How a Romanian Guy Ended Up In Canada Lobbying For The First Nations
This has been the most common question I have been asked this past year (2017): "How does a Romanian guy end-up in Canada lobbying for the First Nations?" It is a valid question since I am often out at protests, or talking to politicians about First Nation issues, be they educational matters, environmental, health, or treaty related.
The first part about how I ended-up in Canada is pretty simple: after the 1989 Romanian Revolution, my parents decided it was time to move. The dictator was disposed of but things were murky and uncertain in the country. After the fall of the dictatorship there was a vacuum of power and corruption ran rampant. Looking for a stable country available for us, Canada ended-up as the destination. I came here as a teenager and with the Revolution at my back, I grew-up as an activist, going to protests, giving interviews where and when I could, standing for photos and talking to politicians.
In the last few years I have had members of the First Nations tell me that other First Nations people have been asking questions after seeing photos of me carrying the Ganienkeh/Unity/Warrior Flag. As in: "Who is this guy? Why is he carrying a First Nations flag, if he is not of the First Nations?" And some are wary. I cannot blame them. For the most part, the white man has deceived them for centuries. I am a white man.
I was born and raised in Romania, in the 1980s and I suppose that is the key. Growing-up in a dictatorship, experiencing oppression, knowing what going to bed hungry means because there wasn't always enough food ... these things had a lasting effect on me. I cannot turn a blind eye to injustice, to unfairness, to oppression, to bullying. I simply cannot, or will not.
Growing-up in Romania was tough. Certain food items were rationed. Things like sugar and cooking oil, You would go with a card and get your monthly ration (I think sugar was two kilos and cooking oil was four liters), the person at the cash would stamp it and that's it, see You next month. Yet, even things that were not rationed were difficult to get. For example, the queue for bread would often go out of the store and around the building. It might take hours just to buy bread and if You were at the end of the line, good luck because You might not get any. There simply wasn't enough.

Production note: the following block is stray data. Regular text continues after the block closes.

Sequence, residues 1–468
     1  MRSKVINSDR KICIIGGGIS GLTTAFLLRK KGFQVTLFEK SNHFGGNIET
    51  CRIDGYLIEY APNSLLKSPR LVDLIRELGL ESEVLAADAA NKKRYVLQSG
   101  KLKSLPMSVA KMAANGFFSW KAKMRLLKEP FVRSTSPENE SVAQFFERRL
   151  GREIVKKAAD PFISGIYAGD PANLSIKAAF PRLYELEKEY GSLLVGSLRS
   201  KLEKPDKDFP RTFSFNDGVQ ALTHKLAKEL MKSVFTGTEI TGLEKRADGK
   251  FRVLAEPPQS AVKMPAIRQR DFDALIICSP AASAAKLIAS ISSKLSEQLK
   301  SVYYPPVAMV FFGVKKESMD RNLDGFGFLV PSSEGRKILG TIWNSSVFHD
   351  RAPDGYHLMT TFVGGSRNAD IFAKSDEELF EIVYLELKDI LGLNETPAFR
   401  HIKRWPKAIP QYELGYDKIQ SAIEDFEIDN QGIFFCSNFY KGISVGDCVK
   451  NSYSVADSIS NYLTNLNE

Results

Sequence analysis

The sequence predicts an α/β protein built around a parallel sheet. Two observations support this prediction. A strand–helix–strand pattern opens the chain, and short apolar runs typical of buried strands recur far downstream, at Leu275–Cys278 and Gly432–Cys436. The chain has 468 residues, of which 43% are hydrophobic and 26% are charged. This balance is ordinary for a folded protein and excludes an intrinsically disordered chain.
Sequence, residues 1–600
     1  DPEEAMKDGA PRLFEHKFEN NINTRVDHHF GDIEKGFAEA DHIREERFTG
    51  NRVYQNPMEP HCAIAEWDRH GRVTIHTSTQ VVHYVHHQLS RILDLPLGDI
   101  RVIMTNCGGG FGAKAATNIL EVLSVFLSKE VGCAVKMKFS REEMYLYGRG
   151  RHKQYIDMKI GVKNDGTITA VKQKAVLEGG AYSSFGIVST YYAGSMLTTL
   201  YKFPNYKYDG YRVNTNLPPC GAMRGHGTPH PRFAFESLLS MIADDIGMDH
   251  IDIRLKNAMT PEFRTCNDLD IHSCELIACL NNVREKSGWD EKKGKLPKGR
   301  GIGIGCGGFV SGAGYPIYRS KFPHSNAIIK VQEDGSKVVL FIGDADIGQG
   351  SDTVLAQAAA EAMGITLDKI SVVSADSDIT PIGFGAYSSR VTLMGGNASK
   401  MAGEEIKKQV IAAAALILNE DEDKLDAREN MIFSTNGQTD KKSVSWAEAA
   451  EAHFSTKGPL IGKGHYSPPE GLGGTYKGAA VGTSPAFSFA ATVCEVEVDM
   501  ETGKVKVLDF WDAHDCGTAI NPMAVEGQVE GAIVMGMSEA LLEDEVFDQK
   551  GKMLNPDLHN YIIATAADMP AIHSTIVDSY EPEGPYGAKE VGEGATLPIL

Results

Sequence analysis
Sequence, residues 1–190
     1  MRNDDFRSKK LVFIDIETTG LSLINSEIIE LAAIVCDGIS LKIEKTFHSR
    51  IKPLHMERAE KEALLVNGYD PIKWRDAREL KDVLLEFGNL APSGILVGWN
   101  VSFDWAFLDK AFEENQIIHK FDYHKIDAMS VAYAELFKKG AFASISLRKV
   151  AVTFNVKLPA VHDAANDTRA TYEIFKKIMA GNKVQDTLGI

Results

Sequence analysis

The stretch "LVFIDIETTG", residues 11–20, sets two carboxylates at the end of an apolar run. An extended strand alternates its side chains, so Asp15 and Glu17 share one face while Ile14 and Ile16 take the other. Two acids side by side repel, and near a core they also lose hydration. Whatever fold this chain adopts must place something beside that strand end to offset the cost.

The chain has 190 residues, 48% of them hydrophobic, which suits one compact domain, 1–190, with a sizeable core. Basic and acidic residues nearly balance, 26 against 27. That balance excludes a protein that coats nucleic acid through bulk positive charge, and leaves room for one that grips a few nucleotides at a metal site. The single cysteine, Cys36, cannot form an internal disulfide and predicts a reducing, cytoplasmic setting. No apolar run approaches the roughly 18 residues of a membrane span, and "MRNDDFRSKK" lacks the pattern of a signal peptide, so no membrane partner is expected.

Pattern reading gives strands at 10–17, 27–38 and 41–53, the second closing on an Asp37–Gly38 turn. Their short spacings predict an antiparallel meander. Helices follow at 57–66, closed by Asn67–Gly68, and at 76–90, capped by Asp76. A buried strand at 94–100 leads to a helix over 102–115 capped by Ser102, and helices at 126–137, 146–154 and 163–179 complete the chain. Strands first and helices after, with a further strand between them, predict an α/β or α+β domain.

I remember going up to Attawapiskat, the Cree Reserve in Northern Ontario and going into the grocery store. The prices were unbelievable. A can of pop was $2,50, or You could get a case of 12 for about $22. I heard fruits were subsidized but a small bag of apples I think I saw for $16, or $17. A 375g package of cooked ham was $11. People up there simply cannot afford proper food. It was sad to see, to say the very least.
In Romania as kids, my parents would take my sister and I up in the mountains near my grandmother's village, in the late summer to gather fruits. We'd pick berries: blueberries, raspberries and blackberries. Out of these we would make jam to last us in the winter. My grandmother would also grow a pig from the spring to the fall and that pig would be used from head to toes for food in the winter, as well. Nothing would be wasted, not even the tiny tail. We just didn't have enough food.
My friends at Dokis First Nations go hunting for deer and moose in the fall, while in the spring they go spear fishing from boats. They do not do this for fun, or some sort of entertainment. They live like this. They live off the land. There is no grocery store on the Reserve. To get groceries You have to drive out a good hour. So, in some ways, they still live off the land. Just like my family lived off the land back in Romania. I grew-up like that.
Last point I wish to make is regarding the Medicine Herbs. I carry two pouches. Or, better say: they carry me. Among other things, one of them has White Buffalo Sage, one of the four Sacred Medicine herbs used by the First Nations here in Canada. It is used for Smudging, basically bathing in the Smoke from It. This cleanses and protects. It is done in the same way in Romania but instead of White Buffalo Sage, people use Wormwood. That is what my second Medicine pouch contains: Wormwood. So, Wormwood and White Buffalo Sage are both around my neck. They come from two different cultures yet, used for similar reasons.
I see myself when I see people of the First Nations. I feel like I can relate to them in many ways. I feel closer to them than I feel to many other Canadians. We walk(ed) similar paths. Thus, I do what I can and I pop-up wherever the Great Spirit guides me to. I'm the White Wolf, the Strange One, Mr. Happy, or whatever You wish to call me: that Romanian guy lobbying for the First Nations. I'll keep going for as long as I can.
All the best to everyone! Mitakuye Oyasin.
P.S. The photo was taken by a Greenpeace photographer this past fall (2017) and that's me with the Ganienkeh/Warrior/Unity Flag. The Flag was given to me by Eagle Claw from O'Chiese First Nations, Alberta, Canada.